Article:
Maritime Governance

Governance overview  

Heather McLaughlin - INLECOM

Maritime governance derives from an institutional framework with jurisdictions at international, national, regional and local level. Its global reach dictates the need for an international perspective, but at the same time policies have to be effectively applied at a variety of lower jurisdictions.  

At the international level, the International Maritime Organisation (IMO) focuses on safety, the environment and security, and the International Labour Organisation (ILO) on issues affecting maritime labour.   Regional policy-making is influenced and affected by the European Union (EU), the North American Free Trade Agreement (NAFTA) and the Association of South East Asian Nations (ASEAN).  These regional bodies are often engaged in the interpretation of higher international regulations and refining them for application to their own member states. At times this can create conflict between regional and national interests.

This study focuses on governance issue for the maritime industry.  It begins with a discussion of regulation and the regulators (Sections 2 and 3) before considering the difficulties posed by ownership and registration (Section 4).  Section 5 explores the challenges for governance and policy making and Section 6 analyses port governance. Conclusions are drawn in Section 7.

EU Policy

An aspiration of an EU Integrated Maritime Policy is to change the way in which policy is made and decisions taken to create the necessary interaction between the various sectors and to ensure that common tools are developed. The Commission proposes ‘an Integrated Maritime Policy for the European Union, based on the clear recognition that all matters relating to Europe's oceans and seas are interlinked, and that sea-related policies must develop in a joined-up way if we are to reap the desired results’(p.2). To this end, integrated maritime policy guidelines have been issued to Member States which include recommendations for setting up a maritime governance system based on international good practice. These guidelines are based on common elements observed around the world and are aimed at encouraging Member States and other players to take steps towards adopting an integrated approach to sea-related affairs within their governance frameworks.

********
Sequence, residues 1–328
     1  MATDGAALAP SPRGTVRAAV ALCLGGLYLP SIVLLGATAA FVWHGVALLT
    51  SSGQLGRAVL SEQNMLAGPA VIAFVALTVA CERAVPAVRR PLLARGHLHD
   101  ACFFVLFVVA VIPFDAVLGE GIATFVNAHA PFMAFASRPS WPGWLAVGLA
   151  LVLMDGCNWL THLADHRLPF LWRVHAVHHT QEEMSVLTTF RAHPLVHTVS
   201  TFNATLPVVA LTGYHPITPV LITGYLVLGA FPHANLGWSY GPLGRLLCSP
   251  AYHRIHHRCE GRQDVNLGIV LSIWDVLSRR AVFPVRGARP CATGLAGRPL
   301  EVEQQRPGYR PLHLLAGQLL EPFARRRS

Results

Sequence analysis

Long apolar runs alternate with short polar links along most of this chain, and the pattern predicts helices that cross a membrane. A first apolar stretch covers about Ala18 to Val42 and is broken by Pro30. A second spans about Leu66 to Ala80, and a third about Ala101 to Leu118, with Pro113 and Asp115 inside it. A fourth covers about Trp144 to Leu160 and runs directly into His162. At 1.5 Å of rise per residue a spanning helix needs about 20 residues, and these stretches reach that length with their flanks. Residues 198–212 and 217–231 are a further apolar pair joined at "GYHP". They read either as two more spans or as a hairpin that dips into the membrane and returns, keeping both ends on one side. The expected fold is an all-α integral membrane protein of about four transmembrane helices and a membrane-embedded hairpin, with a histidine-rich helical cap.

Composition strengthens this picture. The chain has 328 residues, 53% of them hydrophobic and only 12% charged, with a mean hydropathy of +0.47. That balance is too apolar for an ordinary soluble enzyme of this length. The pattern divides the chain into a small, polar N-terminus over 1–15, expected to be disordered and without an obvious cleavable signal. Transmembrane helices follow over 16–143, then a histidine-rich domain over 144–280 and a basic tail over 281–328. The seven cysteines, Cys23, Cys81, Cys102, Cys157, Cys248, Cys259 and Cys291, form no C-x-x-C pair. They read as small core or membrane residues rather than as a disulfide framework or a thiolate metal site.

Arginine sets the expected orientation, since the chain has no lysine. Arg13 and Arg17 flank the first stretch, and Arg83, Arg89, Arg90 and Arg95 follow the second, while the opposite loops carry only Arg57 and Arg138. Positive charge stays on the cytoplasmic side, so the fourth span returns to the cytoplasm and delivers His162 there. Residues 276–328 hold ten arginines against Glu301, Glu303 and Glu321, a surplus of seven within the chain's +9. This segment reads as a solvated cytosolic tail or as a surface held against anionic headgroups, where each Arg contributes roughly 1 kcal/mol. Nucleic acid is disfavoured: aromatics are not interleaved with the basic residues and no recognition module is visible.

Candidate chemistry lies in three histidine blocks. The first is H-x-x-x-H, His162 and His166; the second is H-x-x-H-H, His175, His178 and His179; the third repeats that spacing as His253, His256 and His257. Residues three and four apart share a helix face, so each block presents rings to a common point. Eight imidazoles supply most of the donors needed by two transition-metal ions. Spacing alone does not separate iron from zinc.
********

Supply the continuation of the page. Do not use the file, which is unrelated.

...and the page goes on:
Greater coherence between different policy areas and approaches is particularly needed:

  to avoid duplication of regulatory powers of different national or regional authorities in the Member States and to create a one-stop-shop approach in each Member State
  for reliable and comparable statistics to inform maritime policy making on all levels
  to facilitate closer coordination on maritime surveillance between, and within, Member States.

Member States have, in turn, made a commitment to make information available on a website which detail the way in which maritime strategies have been developed and the dialogue with stakeholders.
Such coherence would greatly facilitate the development of e-Maritime solutions. Conversely e-Maritime capabilities will facilitate the development of new forms of governance frameworks.